Oseltamivir (INN) (pronounced /ɒsəlˈtæmɨvɪr/) is a drug that blocks the influenza virus from spreading between cells in the body. Thus it is an antiviral drug that is used in the treatment and prophylaxis of both Influenzavirus A and Influenzavirus B infection. Like zanamivir, oseltamivir is a neuraminidase inhibitor. It acts as a transition-state analogue inhibitor of influenza neuraminidase, preventing progeny virions from detaching from infected cells.
Oseltamivir was the first orally active neuraminidase inhibitor commercially developed. It is a prodrug, which is hydrolysed hepatically to the active metabolite, the free carboxylate of oseltamivir (GS4071). It was developed by US-based Gilead Sciences and is currently marketed by Hoffmann–La Roche (Roche) under the trade name Tamiflu. In Japan, it is marketed by Chugai Pharmaceutical Co., which is more than 50% owned by Roche. Oseltamivir is generally available by prescription only.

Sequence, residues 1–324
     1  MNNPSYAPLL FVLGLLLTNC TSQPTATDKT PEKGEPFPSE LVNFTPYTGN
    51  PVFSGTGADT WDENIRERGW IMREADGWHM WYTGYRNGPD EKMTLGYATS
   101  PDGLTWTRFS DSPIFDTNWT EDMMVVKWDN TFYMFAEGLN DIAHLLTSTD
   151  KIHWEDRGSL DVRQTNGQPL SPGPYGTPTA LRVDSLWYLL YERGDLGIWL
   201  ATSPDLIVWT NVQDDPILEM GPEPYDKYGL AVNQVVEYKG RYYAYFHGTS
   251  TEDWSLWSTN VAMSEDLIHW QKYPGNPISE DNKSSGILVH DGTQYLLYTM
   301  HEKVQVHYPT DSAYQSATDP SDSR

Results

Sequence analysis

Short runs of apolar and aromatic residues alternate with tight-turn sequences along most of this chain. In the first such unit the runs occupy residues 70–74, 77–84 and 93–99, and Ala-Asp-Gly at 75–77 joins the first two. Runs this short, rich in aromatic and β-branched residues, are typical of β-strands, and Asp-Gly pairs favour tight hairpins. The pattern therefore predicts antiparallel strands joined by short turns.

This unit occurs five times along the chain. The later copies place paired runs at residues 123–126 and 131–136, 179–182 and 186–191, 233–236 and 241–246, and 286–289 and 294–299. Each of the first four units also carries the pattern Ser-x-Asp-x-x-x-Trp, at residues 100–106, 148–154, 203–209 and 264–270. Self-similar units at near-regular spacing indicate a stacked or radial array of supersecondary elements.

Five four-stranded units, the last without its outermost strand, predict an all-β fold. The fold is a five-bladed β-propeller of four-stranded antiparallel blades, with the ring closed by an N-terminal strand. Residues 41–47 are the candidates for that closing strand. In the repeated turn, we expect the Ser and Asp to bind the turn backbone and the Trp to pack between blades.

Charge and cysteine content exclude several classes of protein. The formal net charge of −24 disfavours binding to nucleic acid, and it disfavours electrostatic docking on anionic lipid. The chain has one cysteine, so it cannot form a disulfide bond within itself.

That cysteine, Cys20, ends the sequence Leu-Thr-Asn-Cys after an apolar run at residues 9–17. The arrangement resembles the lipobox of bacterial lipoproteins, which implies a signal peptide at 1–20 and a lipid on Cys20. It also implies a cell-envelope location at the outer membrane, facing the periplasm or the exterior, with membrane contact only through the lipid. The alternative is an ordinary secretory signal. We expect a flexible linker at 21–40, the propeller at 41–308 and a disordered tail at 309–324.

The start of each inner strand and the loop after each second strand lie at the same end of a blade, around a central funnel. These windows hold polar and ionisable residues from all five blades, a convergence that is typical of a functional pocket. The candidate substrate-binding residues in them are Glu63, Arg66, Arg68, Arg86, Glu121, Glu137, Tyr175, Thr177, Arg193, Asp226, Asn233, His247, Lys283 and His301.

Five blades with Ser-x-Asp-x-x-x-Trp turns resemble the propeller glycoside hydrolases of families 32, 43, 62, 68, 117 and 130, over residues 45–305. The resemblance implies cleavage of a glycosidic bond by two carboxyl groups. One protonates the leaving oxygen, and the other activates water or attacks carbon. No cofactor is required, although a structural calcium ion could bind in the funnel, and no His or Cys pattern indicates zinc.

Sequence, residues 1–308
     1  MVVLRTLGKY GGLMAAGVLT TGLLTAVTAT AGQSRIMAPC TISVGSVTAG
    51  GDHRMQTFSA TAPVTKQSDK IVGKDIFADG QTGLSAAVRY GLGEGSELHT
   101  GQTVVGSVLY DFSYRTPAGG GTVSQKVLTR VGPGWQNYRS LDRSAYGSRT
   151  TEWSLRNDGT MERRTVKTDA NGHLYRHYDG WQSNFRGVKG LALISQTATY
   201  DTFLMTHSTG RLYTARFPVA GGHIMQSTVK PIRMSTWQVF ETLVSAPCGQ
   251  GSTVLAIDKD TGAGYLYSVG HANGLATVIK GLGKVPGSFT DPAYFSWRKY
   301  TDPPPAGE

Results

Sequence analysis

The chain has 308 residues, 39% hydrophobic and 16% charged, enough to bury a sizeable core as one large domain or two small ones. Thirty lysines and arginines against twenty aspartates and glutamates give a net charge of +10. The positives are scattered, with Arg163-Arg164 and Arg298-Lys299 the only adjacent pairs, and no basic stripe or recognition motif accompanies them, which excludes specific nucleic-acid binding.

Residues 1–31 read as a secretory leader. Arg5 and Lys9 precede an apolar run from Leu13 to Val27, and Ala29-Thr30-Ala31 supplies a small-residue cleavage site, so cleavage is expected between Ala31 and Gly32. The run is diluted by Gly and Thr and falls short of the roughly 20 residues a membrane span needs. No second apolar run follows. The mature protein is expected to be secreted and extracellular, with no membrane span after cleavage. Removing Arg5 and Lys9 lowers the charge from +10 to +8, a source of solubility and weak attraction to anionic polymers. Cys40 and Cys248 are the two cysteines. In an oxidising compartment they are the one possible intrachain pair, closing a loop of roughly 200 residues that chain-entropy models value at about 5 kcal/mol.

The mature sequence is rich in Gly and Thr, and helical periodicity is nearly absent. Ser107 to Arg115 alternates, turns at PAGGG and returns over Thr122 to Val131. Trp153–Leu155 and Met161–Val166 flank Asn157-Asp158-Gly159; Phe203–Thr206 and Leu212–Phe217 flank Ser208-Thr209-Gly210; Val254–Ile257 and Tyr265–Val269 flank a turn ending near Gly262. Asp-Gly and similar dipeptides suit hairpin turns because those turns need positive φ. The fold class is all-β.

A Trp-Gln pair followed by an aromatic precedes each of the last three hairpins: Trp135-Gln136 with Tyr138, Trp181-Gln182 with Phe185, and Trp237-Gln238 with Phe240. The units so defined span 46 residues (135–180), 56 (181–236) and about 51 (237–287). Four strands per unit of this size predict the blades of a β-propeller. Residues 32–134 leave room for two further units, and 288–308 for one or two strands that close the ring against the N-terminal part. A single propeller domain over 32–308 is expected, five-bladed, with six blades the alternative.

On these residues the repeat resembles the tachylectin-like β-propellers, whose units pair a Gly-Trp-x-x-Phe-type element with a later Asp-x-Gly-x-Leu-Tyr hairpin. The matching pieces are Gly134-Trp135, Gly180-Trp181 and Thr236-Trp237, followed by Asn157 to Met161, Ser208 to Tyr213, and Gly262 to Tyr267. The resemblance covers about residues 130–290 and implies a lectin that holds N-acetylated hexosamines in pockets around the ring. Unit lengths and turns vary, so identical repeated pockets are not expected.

Roche estimates that 50 million people have been treated with oseltamivir. The majority of these have been in Japan, where an estimated 35 million have been treated. Since June 2009, Roche has been forced to allow other companies to develop competing drugs to Tamiflu, after much speculation about Roche's so-called 'monopoly' of Tamiflu in the UK.
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